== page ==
The news report of stubble burning at the Rajasthan Agricultural Research Institute has left the National Green Tribunal fuming.
The Tribunal has taken suo motu cognizance of a recent news report about paddy straw burning at the Rajasthan Agricultural Research Institute and asked the Centre, the Rajasthan government and others as to why action be not taken against them under the law and in keeping with the principle of "polluter pays".
A bench of Justice Raghuvendra S Rathore and expert member Dr Satyawan Singh Garbyal expressed its disquiet at none other than the State's instrumentalities flouting its orders against stubble burning, which has been recognized as one of the major sources of pollution in Delhi and NCR.
The bench took note of a news report published in a Hindi daily highlighting the burning of 'Parali' (stubble of paddy crop) after harvesting the crops at Agricultural Research Institute, Durgapura, Jaipur and directed the Registrar of Agriculture University, Bikaner to remain present before it on June 26.
"It is rather shocking to the core of our conscience when we came across a news item in daily newspaper…wherein it mentions about burning of Parali after harvesting the crops at Agricultural Research Institute, Durgapura, Jaipur. It has also been mentioned in the news that despite of stay orders having been passed by National Green Tribunal, prohibiting burning of Parali in the States, the Agricultural Research Institute has in its campus burned down the stubble after harvesting the crop.
"Here is a case where not our farmers but government and its instrumentalities are themselves are taking the steps which had been of serious concern for the public at large and the State is duty bound to prevent/prohibit such practices. Moreover, several orders have been passed by the Tribunal in the past with the directions to the States for taking appropriate steps," said the bench.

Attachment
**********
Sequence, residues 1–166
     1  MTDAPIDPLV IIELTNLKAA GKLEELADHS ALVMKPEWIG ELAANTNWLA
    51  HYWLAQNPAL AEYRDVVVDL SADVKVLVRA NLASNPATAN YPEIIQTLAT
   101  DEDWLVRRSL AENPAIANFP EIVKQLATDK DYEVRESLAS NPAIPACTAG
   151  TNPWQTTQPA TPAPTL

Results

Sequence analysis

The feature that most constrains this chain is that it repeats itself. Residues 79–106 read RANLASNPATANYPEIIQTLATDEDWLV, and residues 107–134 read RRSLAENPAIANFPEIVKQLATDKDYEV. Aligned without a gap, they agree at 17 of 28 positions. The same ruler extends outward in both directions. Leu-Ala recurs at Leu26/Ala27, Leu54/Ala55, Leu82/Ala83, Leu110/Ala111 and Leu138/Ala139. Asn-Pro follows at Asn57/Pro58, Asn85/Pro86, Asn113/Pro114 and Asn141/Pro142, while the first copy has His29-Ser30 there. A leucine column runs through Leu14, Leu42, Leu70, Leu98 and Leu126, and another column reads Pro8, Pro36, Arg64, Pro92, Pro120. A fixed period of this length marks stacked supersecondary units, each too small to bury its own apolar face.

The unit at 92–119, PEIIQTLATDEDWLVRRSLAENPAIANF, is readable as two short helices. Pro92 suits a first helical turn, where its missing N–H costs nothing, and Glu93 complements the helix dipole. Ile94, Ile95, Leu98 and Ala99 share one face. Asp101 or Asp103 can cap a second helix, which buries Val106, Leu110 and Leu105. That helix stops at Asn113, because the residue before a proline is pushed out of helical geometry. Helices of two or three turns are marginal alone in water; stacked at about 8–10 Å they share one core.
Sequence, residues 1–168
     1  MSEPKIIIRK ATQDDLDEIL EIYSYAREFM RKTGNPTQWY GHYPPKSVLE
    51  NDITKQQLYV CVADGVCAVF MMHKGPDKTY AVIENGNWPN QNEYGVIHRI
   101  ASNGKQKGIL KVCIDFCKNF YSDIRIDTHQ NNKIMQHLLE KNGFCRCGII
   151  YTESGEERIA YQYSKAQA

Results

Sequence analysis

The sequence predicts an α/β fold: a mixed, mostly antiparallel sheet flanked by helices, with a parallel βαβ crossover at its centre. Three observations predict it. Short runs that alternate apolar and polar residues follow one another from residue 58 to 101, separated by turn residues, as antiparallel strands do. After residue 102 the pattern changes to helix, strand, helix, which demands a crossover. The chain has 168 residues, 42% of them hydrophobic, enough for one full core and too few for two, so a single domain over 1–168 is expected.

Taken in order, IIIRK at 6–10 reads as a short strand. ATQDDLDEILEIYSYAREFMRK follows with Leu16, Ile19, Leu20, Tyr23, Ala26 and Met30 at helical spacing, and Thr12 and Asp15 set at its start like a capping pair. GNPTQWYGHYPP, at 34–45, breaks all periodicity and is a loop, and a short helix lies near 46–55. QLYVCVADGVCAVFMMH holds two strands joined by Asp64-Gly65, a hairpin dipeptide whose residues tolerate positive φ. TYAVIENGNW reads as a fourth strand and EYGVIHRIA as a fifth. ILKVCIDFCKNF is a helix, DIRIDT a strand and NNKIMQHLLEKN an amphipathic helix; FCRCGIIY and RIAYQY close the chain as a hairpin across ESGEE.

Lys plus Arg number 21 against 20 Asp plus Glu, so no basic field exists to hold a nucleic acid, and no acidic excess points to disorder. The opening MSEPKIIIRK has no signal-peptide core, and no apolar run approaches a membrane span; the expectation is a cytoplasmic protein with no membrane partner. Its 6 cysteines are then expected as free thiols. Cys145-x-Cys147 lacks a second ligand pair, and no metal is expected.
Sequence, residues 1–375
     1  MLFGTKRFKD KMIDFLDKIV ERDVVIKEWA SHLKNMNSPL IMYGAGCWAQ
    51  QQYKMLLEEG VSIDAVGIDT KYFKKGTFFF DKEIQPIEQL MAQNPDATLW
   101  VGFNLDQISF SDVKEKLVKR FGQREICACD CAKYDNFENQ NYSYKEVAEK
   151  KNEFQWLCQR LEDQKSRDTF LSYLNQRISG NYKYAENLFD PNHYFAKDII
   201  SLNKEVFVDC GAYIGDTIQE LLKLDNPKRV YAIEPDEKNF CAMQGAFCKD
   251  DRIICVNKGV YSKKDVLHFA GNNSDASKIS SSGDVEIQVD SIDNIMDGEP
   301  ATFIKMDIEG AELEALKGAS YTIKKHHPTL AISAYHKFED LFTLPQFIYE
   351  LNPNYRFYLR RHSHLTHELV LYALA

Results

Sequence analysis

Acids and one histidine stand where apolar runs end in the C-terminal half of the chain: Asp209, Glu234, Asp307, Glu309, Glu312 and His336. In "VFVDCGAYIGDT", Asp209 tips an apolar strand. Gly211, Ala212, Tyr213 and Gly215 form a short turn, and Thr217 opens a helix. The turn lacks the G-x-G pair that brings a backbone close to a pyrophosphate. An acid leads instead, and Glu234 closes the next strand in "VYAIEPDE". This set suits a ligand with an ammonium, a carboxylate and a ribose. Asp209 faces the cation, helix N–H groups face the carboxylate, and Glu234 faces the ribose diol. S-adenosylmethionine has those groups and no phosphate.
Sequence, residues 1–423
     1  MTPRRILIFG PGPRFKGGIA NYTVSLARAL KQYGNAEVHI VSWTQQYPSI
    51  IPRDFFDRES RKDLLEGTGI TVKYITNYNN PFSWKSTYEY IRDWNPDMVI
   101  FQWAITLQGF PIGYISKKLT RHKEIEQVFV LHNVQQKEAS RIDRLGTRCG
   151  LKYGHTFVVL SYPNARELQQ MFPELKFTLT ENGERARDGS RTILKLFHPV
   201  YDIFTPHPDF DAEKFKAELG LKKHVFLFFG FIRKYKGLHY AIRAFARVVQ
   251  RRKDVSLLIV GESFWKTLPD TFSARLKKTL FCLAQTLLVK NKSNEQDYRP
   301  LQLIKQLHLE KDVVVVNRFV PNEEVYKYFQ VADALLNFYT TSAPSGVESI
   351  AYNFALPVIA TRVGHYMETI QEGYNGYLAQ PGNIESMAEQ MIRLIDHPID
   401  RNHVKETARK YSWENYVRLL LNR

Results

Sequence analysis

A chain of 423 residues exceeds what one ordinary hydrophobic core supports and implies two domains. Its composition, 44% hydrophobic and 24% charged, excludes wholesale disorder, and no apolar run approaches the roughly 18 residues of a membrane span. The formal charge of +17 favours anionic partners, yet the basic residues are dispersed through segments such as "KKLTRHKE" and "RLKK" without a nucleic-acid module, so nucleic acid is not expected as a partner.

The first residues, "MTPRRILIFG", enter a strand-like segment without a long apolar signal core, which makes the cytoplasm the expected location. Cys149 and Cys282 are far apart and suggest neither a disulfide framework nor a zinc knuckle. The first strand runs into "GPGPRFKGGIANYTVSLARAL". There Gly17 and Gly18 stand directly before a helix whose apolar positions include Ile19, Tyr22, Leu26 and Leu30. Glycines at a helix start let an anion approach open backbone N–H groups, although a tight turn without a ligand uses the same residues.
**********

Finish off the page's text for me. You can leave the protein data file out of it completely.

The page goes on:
It issued notice to the Union of India, Ministry of Agriculture, the State of Rajasthan through its Chief Secretary, the Agriculture University, Bikaner through its Registrar; Director Agricultural Research Institute, Durgapura, Jaipur; Rajasthan State Pollution Control Board and the Central Pollution Control Board.
It is to be noted that the Tribunal had way back in year 2013 taken note of pollution on account of stubble burning in case titled Vikrant Kumar Tongad. Vs. Environment Pollution (Prevention and Control Authority) & Ors.
In year 2014, the Tribunal has asked the Centre and various neighbouring farming states to frame a national policy for farmers to check straw burning. The Centre had then proposed giving incentives to farmers and making promoting efficient farming practices with subsidies.
In year 2015, the NGT directed the Delhi government and the four northern states of Punjab, Haryana, Rajasthan and Uttar Pradesh to check the bi-annual menace as the farmers engage in stubble burning to save time between sowing of wheat and rice. The Tribunal had also announced a fine of Rs 2,500 to 15,000 on farmers found indulging in straw burning.
In year 2016, Stubble burning emerged as one of the major issues before the Delhi High Court when it took suo motu cognizance of Delhi's worsening air pollution.
Last November, the Tribunal had ordered that minimum support price should be denied to farmers who indulge in stubble burning.